Tom C's blog is not saying that you can't run Chromium (or Chrome) on Fedora; it just outlines the difficulties in packaging it to comply with the Fedora guidelines. Those guidelines (or 'package purity') don't prevent you from downloading Google's build of their browser and installing it, perhaps even by adding Google's repository to your yum sources list. However, part of the raison d'etre of Fedora (and other Linux distributions) is to have software packaged in a standard way; if it's more important to keep the vanilla upstream 'product' for each application then perhaps Fedora is not the distribution to choose.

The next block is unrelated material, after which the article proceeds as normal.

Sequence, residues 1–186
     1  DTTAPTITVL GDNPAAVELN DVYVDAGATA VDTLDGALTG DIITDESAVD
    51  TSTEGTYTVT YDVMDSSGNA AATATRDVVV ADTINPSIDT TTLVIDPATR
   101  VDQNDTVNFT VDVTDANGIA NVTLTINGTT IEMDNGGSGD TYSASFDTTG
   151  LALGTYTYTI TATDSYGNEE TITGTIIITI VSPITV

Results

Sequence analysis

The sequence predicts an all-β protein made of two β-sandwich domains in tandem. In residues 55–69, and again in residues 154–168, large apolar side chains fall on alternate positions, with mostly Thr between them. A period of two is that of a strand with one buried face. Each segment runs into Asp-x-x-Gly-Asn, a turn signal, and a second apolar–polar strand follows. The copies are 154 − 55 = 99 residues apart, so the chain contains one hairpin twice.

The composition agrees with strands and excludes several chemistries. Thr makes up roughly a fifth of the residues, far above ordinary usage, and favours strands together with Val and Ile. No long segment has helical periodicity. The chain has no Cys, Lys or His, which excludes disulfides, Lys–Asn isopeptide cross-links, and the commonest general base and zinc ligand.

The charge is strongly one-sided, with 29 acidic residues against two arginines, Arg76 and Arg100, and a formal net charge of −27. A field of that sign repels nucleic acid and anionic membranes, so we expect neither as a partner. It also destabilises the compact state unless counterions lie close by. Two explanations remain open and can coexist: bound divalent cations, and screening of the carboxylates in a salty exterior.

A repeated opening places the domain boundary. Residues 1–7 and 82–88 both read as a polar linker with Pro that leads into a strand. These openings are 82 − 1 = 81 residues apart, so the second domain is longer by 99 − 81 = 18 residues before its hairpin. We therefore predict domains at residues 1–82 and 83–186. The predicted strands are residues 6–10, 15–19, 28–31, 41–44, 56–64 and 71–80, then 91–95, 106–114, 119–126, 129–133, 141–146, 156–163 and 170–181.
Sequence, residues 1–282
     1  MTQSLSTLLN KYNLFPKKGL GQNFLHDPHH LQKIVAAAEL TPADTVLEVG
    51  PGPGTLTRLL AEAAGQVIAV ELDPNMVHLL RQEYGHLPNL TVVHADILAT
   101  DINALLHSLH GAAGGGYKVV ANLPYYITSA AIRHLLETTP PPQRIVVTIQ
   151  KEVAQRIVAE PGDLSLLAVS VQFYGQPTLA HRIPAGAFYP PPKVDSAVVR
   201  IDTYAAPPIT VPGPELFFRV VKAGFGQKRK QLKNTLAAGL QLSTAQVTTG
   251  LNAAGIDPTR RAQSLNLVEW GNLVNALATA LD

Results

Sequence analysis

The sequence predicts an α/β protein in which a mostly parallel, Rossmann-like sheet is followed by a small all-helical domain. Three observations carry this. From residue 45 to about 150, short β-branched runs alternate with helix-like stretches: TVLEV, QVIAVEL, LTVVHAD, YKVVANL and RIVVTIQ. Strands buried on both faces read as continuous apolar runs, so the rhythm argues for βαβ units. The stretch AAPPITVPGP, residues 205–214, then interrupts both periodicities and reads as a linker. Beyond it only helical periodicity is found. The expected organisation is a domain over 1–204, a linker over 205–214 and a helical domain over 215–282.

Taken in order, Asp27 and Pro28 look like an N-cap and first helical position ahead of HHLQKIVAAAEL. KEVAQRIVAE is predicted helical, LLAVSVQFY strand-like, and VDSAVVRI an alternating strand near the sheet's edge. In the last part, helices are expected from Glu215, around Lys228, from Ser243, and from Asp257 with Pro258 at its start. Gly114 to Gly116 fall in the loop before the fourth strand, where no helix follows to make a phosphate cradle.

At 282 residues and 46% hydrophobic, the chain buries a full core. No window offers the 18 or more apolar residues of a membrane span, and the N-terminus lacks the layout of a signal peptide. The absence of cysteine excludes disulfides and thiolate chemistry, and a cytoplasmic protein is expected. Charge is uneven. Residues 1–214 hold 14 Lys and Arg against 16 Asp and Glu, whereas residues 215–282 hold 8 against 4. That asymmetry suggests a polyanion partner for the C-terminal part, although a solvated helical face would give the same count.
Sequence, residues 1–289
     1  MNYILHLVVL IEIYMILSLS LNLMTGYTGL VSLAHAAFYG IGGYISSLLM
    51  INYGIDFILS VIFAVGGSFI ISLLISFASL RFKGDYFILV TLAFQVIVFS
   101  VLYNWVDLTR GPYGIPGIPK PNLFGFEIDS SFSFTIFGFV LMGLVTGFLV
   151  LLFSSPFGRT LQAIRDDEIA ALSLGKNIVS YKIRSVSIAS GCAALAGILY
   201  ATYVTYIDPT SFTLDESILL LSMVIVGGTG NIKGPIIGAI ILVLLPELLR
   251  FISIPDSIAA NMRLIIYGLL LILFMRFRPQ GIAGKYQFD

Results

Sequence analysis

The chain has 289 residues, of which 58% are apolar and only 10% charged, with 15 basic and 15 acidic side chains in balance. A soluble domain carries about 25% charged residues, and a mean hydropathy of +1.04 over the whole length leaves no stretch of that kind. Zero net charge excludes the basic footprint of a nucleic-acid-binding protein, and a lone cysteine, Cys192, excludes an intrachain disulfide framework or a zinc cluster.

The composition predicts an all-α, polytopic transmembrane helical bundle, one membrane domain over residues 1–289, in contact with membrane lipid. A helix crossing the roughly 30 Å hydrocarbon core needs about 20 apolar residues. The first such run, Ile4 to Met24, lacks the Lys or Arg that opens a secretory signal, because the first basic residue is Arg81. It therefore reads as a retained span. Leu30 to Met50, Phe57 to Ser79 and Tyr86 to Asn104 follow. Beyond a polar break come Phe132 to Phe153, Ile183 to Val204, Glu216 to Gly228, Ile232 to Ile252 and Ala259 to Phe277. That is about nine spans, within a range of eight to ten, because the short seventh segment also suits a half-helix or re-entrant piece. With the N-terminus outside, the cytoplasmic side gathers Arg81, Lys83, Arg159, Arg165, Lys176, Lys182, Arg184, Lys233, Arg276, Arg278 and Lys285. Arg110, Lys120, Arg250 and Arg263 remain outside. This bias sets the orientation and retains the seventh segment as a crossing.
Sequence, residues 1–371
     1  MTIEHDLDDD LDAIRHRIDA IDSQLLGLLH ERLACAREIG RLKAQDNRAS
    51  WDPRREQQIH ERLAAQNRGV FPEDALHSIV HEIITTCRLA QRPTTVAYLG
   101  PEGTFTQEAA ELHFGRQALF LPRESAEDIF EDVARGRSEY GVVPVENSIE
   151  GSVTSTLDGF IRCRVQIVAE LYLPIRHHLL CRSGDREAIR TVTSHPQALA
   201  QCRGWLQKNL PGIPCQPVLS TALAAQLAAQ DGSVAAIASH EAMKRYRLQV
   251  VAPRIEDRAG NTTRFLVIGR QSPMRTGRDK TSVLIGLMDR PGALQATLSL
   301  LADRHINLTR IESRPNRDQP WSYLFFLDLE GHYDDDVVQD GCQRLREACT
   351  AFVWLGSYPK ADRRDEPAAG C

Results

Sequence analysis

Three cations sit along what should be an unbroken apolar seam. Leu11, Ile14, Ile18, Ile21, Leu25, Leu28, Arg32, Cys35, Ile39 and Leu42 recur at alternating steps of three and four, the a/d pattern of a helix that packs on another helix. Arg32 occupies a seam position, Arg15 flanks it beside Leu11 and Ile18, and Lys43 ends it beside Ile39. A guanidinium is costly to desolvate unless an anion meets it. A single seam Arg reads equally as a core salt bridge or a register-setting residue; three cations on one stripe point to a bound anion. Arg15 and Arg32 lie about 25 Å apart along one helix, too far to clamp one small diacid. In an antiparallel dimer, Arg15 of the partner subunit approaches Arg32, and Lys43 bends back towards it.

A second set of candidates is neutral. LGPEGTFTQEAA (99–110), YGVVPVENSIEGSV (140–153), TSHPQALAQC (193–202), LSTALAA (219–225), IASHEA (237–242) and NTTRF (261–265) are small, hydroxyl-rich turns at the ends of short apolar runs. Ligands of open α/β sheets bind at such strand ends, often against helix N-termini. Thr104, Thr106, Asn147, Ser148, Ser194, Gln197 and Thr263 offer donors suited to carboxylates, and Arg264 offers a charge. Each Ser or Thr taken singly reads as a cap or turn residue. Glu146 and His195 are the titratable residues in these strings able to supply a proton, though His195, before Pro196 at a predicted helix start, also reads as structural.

I think the Fedora people have enough experience with building and maintaining a large distribution that I trust them when they say bundled libraries create a real (rather than purely theoretical) maintenance burden.
There is something to be said for having the exact same binary blob running on your system as the upstream project supplied, and the same as most other users are running. It does in some ways narrow the range of problems and bugs that can occur. It has been suggested before (I remember the Linux Hater advocating the same thing) but for whatever reason it isn't a popular way of doing things in the free software world.